1. http://shirleyknits.blogspot.co.uk/2007/07/free-pattern-3-burp-baby-cloth.html
2. http://shirleyknits.blogspot.co.uk/2007/07/free-pattern-2-baby-cloth.html

(no subject)

Date: 2016-05-04 08:37 pm (UTC)
yanagi_wa: (Default)
From: [personal profile] yanagi_wa
Knit something in one of those new acrylics for baby, it's going to be washed to death. Then take your time to knit something to give on their second birthday.

(no subject)

Date: 2016-05-05 12:18 am (UTC)
lannamichaels: Astronaut Dale Gardner holds up For Sale sign after EVA. (Default)
From: [personal profile] lannamichaels
Not a parent, but a giver to parents: I've been using knitpicks's acrylic brava yarn (in bulky) for baby stuff and it's great, it holds up well to washings and is comfy. I'm very hesitant about "washable" wool since I had made a test blanket out of that and the yarn came completely apart in the wash, but the acrylic stuff is really great. Smooshy and soft and great for babies. Just throw it in the wash with all the other stuff, it's great.

I like your chevron pattern, I did this zig zag blanket a couple years ago and it came out really nice. I've tried the ten stitch a few times but never got very far in it, it seems a little tricky to make sure the proportions are right.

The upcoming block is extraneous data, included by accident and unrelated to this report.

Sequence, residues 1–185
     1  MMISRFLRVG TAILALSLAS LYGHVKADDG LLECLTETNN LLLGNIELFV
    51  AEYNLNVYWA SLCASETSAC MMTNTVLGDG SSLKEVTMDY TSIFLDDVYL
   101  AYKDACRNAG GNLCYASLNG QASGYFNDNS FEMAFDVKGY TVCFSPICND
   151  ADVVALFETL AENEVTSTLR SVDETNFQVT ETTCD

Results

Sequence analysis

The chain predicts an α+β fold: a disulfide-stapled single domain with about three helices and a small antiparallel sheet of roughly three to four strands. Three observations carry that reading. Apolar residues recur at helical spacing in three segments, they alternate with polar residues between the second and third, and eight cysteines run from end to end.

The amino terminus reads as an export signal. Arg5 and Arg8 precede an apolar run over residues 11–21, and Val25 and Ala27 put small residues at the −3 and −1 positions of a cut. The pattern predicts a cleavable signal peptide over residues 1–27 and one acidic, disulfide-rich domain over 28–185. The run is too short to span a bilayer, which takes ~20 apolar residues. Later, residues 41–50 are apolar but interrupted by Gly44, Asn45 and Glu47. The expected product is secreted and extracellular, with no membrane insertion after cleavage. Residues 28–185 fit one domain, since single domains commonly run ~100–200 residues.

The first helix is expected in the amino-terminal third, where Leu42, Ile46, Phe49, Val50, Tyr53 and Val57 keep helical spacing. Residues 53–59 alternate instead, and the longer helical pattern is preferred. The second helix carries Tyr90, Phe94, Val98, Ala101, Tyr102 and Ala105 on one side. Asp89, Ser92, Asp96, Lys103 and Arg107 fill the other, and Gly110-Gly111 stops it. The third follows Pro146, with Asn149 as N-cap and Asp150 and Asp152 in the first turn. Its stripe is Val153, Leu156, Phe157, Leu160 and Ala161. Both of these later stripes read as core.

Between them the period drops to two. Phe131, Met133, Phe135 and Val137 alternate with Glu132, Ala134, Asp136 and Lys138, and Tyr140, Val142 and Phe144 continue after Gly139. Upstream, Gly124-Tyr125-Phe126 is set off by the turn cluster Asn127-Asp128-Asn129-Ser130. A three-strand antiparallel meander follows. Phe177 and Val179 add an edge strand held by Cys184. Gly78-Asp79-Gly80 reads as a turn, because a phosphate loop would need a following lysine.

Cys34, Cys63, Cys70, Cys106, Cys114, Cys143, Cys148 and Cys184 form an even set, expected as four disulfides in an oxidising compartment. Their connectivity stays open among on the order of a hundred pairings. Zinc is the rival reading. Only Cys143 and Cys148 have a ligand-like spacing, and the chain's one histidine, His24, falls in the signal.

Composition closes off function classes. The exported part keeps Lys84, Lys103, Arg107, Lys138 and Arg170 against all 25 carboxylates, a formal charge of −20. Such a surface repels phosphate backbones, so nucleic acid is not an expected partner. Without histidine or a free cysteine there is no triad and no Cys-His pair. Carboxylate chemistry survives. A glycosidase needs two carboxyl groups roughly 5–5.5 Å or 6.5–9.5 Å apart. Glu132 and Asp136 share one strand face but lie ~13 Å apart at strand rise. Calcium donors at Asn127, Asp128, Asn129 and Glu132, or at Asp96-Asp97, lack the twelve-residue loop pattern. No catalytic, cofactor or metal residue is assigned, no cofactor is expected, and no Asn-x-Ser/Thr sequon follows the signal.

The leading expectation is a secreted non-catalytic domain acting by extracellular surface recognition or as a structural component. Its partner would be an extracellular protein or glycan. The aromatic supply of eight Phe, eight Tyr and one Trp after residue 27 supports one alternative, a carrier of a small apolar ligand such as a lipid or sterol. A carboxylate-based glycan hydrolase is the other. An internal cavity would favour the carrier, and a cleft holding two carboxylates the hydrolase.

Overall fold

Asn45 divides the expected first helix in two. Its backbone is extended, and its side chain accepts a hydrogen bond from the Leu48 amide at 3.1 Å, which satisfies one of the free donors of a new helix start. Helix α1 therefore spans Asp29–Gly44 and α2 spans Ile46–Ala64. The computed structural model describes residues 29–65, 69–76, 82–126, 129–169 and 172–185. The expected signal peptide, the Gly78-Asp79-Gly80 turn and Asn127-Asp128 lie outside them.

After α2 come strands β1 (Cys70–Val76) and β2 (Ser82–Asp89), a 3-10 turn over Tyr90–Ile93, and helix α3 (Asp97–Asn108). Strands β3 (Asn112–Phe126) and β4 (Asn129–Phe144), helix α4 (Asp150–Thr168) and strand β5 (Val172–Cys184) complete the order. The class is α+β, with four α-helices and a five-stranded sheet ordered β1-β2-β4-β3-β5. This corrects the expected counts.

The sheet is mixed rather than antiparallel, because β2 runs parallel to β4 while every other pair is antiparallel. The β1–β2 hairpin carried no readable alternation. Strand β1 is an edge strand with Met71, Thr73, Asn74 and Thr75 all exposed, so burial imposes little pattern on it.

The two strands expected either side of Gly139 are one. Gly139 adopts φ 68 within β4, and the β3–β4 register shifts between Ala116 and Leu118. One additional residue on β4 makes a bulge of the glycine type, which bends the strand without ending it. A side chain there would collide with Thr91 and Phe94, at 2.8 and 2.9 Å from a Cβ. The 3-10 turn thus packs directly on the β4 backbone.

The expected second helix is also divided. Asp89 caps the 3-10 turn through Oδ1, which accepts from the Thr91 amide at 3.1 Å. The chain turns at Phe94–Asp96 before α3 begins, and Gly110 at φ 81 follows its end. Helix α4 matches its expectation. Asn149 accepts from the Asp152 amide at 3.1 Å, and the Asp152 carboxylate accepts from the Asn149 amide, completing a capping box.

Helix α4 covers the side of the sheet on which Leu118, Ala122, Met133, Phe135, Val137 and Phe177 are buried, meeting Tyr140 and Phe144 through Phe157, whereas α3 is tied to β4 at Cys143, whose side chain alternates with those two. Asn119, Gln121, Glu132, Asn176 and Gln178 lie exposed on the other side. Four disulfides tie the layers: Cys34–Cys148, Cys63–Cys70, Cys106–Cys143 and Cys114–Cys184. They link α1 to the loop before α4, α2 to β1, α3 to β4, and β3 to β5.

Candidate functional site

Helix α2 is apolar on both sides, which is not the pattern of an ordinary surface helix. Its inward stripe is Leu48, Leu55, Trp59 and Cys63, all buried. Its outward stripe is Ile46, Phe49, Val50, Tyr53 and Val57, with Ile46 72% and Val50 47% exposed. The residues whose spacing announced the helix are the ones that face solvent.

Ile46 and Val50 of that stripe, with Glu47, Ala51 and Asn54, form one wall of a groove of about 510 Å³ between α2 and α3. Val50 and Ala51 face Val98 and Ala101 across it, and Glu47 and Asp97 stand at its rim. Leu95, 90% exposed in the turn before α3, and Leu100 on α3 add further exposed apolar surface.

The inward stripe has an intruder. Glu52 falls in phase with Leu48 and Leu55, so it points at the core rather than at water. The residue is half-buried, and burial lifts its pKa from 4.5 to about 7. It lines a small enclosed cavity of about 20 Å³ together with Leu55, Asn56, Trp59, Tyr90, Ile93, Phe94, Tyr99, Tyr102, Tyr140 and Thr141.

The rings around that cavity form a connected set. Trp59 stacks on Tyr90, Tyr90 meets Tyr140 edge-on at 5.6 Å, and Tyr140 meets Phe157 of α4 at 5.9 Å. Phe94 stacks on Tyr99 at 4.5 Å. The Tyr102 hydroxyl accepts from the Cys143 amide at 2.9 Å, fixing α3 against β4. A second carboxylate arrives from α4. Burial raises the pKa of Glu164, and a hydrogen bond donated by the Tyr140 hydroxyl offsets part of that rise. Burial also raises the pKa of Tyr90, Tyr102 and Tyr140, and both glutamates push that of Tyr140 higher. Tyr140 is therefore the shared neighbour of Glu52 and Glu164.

Whichever you go with, I learned from my last blanket, do something that can be made smaller if you need it to be! I did a mitered square of my own design and it was seriously giant (when I went to give it to the parents, I had to take a larger suitcase just to fit the blanket in it), and I could't just stop it earlier to make it smaller. A nice repeating pattern is much more flexible.
Edited Date: 2016-05-05 12:18 am (UTC)

(no subject)

Date: 2016-05-05 04:23 am (UTC)
thistleingrey: (Default)
From: [personal profile] thistleingrey
As both a parent and a knitter/crocheter, I'd silently donate an acrylic gift, but cotton or wool = very useful. (Perhaps this is partly cultural? I am in the US, where acrylic seems popular, but I hate it and my immigrant parents never used it for me as a child.)